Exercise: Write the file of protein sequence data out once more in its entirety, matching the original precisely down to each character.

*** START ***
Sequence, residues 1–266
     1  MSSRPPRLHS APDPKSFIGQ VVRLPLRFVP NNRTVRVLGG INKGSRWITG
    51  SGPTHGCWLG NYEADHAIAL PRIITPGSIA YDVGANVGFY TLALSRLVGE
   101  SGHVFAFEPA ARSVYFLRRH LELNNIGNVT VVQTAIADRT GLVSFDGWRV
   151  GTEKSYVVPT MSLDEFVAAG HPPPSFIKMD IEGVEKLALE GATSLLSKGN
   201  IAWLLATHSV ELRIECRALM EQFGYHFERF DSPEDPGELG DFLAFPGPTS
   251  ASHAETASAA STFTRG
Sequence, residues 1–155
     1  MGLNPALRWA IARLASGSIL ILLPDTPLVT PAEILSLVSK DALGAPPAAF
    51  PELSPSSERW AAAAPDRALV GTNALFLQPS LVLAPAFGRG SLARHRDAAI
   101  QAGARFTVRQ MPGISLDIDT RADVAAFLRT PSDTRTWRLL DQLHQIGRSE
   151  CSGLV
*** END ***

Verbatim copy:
Sequence, residues 1–266
     1  MSSRPPRLHS APDPKSFIGQ VVRLPLRFVP NNRTVRVLGG INKGSRWITG
    51  SGPTHGCWLG NYEADHAIAL PRIITPGSIA YDVGANVGFY TLALSRLVGE
   101  SGHVFAFEPA ARSVYFLRRH LELNNIGNVT VVQTAIADRT GLVSFDGWRV
   151  GTEKSYVVPT MSLDEFVAAG HPPPSFIKMD IEGVEKLALE GATSLLSKGN
   201  IAWLLATHSV ELRIECRALM EQFGYHFERF DSPEDPGELG DFLAFPGPTS
   251  ASHAETASAA STFTRG
Sequence, residues 1–155
     1  MGLNPALRWA IARLASGSIL ILLPDTPLVT PAEILSLVSK DALGAPPAAF
    51  PELSPSSERW AAAAPDRALV GTNALFLQPS LVLAPAFGRG SLARHRDAAI
   101  QAGARFTVRQ MPGISLDIDT RADVAAFLRT PSDTRTWRLL DQLHQIGRSE
   151  CSGLV